The red lotus symbolizes the heart-state of compassion and love. This signifies the original nature and purity of the heart (hrdya). It is the lotus of love, compassion, passion and all other qualities of the heart. It is the flower of Avalokiteshvara, the bodhisattva of compassion.

The blue lotus symbolizes wisdom. This is a symbol of the victory of the spirit over the senses and signifies the wisdom of knowledge. It is the preferred flower of Manjushri, the bodhisattva of wisdom.

The pink lotus symbolizes the Buddha and enlightenment. This the supreme lotus, generally reserved for the highest deity. Thus, naturally it is associated with the Great Buddha himself.

The golden lotus symbolizes the worlds beyond this one. The golden lotus that is mentioned in Buddhist sutras has two meanings; one is the symbol for the achievement of enlightenment, and the other points towards a real flower which is beyond our normal perception.

In Hinduism lotus flower mythology states

In Hinduism lotus flower mythology states that within each person is the spirit of a sacred lotus.

The Bhagavad Gita speaks of the need to strive to be like the lotus blossom, pure of heart so that the muck of earthly matters do not cling to us. It is further mentioned that the atman (the soul) dwells within a lotus flower that is found within the heart (a reference to the heart chakra).

References to the lotus flower symbol are also found in the tradition of hatha yoga, which features sitting in the “lotus position” during meditation as a central core of its practice.

The lotus is also a symbol of the centers of consciousness within the body (the chakra centers). The highest chakra, known as the crown chakra or Sahasrara chakra, is referred to as a thousand-petaled lotus flower.

The ultimate lotus flower meaning in the Hindu belief system is that the lotus flower symbol represents the awakening to the spiritual reality of life. The opening of a lotus flower represents rising from primal thought and base energies to the highest spiritual consciousness. This meaning reflects closely with the Buddhist lotus flower meanings as well, where they refer to it as enlightenment.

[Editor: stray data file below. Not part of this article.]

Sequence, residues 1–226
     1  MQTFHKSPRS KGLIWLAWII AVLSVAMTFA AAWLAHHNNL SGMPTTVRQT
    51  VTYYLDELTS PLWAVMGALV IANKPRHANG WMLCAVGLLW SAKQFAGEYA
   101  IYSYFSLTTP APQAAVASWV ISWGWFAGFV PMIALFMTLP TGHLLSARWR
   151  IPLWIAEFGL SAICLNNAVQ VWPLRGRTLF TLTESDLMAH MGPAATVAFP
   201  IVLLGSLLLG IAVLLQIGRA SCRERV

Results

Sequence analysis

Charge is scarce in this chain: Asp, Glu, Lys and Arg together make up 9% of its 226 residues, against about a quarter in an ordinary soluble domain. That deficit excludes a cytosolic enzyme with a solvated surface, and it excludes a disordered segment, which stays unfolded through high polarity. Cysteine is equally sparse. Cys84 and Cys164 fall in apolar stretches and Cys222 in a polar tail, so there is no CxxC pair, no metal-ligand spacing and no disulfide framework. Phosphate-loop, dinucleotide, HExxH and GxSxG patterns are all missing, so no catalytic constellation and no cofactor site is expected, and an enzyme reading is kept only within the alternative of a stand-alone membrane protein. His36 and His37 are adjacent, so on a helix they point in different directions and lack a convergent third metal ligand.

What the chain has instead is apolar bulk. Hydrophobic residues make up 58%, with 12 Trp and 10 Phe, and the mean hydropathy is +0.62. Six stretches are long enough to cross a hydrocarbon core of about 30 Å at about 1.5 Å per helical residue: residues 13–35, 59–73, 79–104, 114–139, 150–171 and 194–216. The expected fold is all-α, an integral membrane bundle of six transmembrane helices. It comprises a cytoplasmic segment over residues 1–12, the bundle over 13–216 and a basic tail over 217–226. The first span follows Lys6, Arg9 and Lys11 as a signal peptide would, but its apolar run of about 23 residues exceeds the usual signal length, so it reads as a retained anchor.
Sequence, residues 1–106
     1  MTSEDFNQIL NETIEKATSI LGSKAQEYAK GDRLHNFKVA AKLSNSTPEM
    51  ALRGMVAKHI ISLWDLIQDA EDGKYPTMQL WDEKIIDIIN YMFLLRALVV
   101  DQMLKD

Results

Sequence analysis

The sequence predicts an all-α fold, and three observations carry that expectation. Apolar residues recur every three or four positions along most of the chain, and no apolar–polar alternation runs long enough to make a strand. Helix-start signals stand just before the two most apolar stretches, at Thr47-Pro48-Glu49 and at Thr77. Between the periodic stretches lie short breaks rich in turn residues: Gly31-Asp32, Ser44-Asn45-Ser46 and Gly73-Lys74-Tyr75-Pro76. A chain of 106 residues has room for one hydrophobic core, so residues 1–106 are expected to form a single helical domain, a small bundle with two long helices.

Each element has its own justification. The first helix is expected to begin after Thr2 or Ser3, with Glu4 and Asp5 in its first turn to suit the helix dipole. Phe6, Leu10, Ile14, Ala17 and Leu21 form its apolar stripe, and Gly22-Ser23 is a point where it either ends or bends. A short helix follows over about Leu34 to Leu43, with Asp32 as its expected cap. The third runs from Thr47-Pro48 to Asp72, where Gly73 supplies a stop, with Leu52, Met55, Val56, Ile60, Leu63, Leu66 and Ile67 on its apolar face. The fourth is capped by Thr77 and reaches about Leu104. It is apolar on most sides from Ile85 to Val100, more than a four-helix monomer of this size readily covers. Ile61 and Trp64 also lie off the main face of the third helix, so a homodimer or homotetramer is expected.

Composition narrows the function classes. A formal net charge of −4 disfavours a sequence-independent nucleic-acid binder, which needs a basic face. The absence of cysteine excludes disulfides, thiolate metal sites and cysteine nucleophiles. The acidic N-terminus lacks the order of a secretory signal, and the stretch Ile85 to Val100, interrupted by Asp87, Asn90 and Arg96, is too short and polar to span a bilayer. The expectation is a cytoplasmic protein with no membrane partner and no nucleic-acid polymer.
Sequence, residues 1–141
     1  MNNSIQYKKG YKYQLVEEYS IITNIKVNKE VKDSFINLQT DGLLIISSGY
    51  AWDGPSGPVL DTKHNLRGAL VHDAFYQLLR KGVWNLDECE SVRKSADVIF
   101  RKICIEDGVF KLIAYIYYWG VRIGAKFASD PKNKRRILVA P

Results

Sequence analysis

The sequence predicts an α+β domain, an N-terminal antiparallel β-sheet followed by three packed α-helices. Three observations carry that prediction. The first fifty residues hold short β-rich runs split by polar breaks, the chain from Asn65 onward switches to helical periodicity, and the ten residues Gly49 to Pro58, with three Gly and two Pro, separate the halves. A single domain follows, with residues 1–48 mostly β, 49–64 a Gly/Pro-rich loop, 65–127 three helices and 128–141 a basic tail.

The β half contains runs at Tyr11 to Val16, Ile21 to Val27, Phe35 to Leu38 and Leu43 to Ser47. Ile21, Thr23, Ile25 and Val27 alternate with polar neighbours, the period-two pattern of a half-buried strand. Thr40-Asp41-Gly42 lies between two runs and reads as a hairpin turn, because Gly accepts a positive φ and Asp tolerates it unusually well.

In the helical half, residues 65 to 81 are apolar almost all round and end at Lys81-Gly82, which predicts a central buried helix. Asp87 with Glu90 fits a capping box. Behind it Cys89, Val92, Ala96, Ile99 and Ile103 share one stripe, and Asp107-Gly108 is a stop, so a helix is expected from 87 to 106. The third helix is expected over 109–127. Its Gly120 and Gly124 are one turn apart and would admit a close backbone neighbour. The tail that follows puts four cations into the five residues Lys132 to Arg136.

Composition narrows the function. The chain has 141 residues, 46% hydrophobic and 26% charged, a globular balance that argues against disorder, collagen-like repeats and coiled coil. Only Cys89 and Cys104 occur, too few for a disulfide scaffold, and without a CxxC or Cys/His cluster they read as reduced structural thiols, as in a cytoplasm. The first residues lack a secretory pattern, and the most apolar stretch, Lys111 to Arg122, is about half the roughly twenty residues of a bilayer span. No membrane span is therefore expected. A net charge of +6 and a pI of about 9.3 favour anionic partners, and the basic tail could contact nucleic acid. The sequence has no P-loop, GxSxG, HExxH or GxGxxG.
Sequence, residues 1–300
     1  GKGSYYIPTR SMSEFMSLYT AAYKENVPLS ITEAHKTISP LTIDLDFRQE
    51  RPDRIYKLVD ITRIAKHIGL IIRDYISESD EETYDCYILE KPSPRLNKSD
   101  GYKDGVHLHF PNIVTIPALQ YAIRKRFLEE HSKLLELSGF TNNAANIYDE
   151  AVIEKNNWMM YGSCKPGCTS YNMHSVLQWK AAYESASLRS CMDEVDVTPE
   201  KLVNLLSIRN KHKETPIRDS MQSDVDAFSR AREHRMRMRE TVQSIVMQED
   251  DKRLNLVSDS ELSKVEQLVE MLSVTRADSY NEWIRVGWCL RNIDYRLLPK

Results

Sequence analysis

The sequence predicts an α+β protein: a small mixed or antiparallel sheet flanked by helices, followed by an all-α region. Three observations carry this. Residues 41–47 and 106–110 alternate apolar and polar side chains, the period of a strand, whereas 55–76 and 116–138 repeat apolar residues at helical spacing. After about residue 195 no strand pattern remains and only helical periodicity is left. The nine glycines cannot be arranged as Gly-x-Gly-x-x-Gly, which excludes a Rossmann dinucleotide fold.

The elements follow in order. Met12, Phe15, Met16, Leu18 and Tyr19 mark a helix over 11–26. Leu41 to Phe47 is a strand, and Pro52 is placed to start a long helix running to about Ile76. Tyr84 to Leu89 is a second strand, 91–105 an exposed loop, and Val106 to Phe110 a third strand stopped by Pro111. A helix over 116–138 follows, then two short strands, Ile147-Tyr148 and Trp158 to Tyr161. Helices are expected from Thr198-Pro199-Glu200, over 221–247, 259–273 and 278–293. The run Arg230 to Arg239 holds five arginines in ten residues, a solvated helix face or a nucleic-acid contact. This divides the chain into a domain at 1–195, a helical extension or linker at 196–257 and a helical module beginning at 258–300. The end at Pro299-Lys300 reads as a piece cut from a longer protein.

The lotus flower is one of the most important Buddhist symbols

The lotus flower is one of the most important Buddhist symbols and has it’s own title as one of the Buddhist sacred texts, “The Sutra on the White Lotus of the Sublime Dharma”, also known more simply as the Lotus Sutra, and is mentioned by Buddha repeatedly in his teachings.

In Buddhist symbolism, the lotus is symbolic of the purity of the body, speech, and mind as while rooted in the mud, its flowers blossom on long stalks as if floating above the muddy waters of attachment and desire. It is also symbolic of detachment as drops of water easily slide off its petals.

The lotus is one of the Eight Auspicious Symbols which are recognizable and present in Buddhist traditions around the world. It is symbolic of the purpose of the Noble Eightfold Path, which is the eight steps in Buddhism that bring followers from the suffering of the human condition to a state of enlightenment.

The form of the flower is also important in understanding the symbolism. A lotus can be represented with dozens of petals, but a common number is eight (which represents the Noble Eightfold Path). Multiple stems can represent such things as multiple types of knowledge. A closed bud is symbolic of a human before reaching enlightenment while an open bloom is symbolic of reaching the state of enlightenment.

“As a lotus flower is born in water, grows in water and rises out of water to stand above it unsoiled, so I, born in the world, raised in the world having overcome the world, live unsoiled by the world” (Gautama Buddha).

The Buddhist cosmology reveals Lotus to be the first flower bloomed in the beginning of this cosmic world.

photo credit: Lotus Flower